Shallow media misplace focus on Hillary Clinton
Community Soapbox by Callie Vandewiele
Wrapping up an eight-day U.S. State Department tour of India, China and Southeast Asia, Secretary of State Hillary Rodham Clinton, arguably the most politically powerful woman alive today, took her moment in the spotlight to pound home the United States' commitment to rooting out terrorism.
She used this stage to drive home the point that the U.S. expects its allies - particularly Pakistan - to help further that goal.
It was a particularly proud moment for the U.S. secretary of state.
Clear communication was achieved throughout the visits. Clinton's presence extended opportunities for diplomacy and cooperation, and she kept the focus of her trip clearly defined at each stop.
She seized every opportunity to represent her country and its goals clearly to the nations she visited and to the world.
But Hillary Rodham Clinton can never simply be secretary of state.
No. First, Hillary Rodham Clinton must be a woman. And so when Clinton stands at a podium and insists Pakistan pull its support from terrorist groups throughout the world, all the viewers back home get is non-stop commentary about how she wore red lipstick and how ugly and old she's getting.
This woman has a law degree from Yale. After her 1975 marriage she insisted on keeping her maiden name - Rodham - as she considered it important to keep her professional life separate from her husband's.
Until Bill Clinton was elected president of the United States, she brought home a larger paycheck.
A deep and abiding interest in children's law led to article after article being published and the founding of an organization to help troubled youths in Arkansas.
As Bill Clinton served as governor of Arkansas, Hillary Rodham Clinton worked full time, balanced a series of state committees on the side, chaired the American Bar Association Commission on Women in the Profession, and served on the board of directors for the New World Foundation.
In 1992, as Bill Clinton began his campaign for the presidency, he often quipped that in electing him voters would get 'two for the price of one,' signaling the role Rodham Clinton would play during his time in office.
As first lady, Hillary Rodham Clinton redefined that role. She had her own office in the West Wing, was treated as any other adviser to the president and played a significant role in developing and advocating passage of legislation.
Then, in 2000, she became the first former first lady to run for political office after leaving the White House. As a senator from New York, Hillary proved herself a political force to be reckoned with in her own right. As her husband faded into the background, she ran a fierce and competitive campaign for the Democratic nomination in the presidential race, losing to Barack Obama.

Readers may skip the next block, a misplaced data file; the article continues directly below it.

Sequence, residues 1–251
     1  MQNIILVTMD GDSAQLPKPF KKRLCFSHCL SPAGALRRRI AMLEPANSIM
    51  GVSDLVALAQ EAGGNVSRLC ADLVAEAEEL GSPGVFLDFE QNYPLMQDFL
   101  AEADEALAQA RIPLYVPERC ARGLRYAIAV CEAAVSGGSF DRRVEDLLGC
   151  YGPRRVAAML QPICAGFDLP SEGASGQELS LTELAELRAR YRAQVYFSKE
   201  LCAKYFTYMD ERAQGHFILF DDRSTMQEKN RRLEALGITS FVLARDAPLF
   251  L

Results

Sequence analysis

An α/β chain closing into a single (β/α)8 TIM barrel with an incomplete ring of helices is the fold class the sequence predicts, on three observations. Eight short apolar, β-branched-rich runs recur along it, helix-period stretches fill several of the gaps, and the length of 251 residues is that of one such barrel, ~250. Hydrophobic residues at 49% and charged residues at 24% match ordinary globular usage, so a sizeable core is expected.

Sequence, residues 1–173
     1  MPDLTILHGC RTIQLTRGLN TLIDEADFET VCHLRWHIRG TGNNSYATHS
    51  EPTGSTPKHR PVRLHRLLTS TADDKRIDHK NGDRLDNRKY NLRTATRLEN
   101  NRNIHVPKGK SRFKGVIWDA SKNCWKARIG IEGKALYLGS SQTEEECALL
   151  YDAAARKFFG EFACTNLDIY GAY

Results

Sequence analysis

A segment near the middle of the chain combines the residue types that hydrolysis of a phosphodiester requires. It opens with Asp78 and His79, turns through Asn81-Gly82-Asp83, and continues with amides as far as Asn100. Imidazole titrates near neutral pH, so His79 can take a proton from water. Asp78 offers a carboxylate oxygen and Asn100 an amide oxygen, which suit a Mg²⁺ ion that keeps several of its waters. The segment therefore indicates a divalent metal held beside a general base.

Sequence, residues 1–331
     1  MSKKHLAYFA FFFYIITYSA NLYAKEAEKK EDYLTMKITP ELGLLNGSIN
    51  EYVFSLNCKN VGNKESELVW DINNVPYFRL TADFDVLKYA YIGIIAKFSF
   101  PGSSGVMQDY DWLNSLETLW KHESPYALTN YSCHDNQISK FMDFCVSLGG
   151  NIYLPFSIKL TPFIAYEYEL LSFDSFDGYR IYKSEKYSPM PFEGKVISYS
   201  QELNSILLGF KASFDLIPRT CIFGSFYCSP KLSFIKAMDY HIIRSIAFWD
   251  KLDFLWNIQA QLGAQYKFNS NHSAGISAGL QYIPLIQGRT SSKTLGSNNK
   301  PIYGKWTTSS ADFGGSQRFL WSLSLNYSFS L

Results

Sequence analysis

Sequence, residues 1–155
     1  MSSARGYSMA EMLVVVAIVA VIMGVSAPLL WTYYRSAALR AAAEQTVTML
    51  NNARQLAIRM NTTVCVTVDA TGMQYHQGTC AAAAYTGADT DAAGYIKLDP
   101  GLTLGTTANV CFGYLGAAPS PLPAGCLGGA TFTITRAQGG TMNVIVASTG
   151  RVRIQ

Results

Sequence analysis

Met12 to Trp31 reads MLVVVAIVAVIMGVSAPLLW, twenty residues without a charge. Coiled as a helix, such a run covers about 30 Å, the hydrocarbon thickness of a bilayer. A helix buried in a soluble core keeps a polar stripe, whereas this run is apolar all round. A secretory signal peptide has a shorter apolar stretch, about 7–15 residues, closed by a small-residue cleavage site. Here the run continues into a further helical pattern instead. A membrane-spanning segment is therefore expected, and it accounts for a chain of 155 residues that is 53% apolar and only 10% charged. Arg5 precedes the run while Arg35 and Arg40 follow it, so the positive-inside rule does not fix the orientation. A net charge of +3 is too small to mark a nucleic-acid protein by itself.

Obama, after being elected, chose her to be his secretary of state, and (as with everything she has done) Rodham Clinton has redefined the position, taking an active interest in international history, politics and economics.
Active rather than passive, she has headed major reforms in the state and defense departments, gone toe-to-toe with Vice President Joe Biden more than once, and yet again established herself as a major political player, this time on the international field.
So when pundits, anchors and so-called experts dropped their jaws at the audacity she demonstrated - to show her face on camera without make-up - they demonstrated only one sad fact: As a woman in America, it does not matter how intelligent or successful you are. It does not matter how powerful you are or how deep and wide your sphere of influence in the world. What matters is how you look to men, and if you are 'attractive' the way the media demands you be attractive.
Hundreds of polls, websites and blogs are debating 'make-up or no make-up,' bloggers are demanding that Rodham Clinton cover her face, saying she's ugly.
I have to wonder: How many of us can hear over the cacophony created by the argument of what chemicals Clinton should smear on her skin, the incredibly intelligent, highly educated, capable, confident woman who represents our nation to the world, doing her job?
How many of us even know where Hillary was when she popped on camera without make-up? And how many of our daughters are learning that it's far more important to wear nice make-up than to graduate from Yale Law School, have a highly successful career and become the most powerful woman in the world?
Even one is too many.
Callie Vandewiele lives in Eagle Creek.
Northwest Oregon Conference